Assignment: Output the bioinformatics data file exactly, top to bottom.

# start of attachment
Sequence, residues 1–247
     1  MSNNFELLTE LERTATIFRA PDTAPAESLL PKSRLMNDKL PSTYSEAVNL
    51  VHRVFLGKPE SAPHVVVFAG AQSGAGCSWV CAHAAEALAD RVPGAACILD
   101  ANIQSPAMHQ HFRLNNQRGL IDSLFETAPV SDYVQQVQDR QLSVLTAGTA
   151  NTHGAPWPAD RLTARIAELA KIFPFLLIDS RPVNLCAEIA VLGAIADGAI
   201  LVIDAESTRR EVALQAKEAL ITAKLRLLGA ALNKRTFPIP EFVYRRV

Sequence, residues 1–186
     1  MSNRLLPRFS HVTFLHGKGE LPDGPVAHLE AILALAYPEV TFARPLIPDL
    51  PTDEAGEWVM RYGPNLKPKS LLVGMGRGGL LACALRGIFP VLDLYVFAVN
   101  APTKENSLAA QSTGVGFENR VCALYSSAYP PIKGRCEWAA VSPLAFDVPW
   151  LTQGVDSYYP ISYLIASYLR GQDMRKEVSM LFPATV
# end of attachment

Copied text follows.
Sequence, residues 1–247
     1  MSNNFELLTE LERTATIFRA PDTAPAESLL PKSRLMNDKL PSTYSEAVNL
    51  VHRVFLGKPE SAPHVVVFAG AQSGAGCSWV CAHAAEALAD RVPGAACILD
   101  ANIQSPAMHQ HFRLNNQRGL IDSLFETAPV SDYVQQVQDR QLSVLTAGTA
   151  NTHGAPWPAD RLTARIAELA KIFPFLLIDS RPVNLCAEIA VLGAIADGAI
   201  LVIDAESTRR EVALQAKEAL ITAKLRLLGA ALNKRTFPIP EFVYRRV

Sequence, residues 1–186
     1  MSNRLLPRFS HVTFLHGKGE LPDGPVAHLE AILALAYPEV TFARPLIPDL
    51  PTDEAGEWVM RYGPNLKPKS LLVGMGRGGL LACALRGIFP VLDLYVFAVN
   101  APTKENSLAA QSTGVGFENR VCALYSSAYP PIKGRCEWAA VSPLAFDVPW
   151  LTQGVDSYYP ISYLIASYLR GQDMRKEVSM LFPATV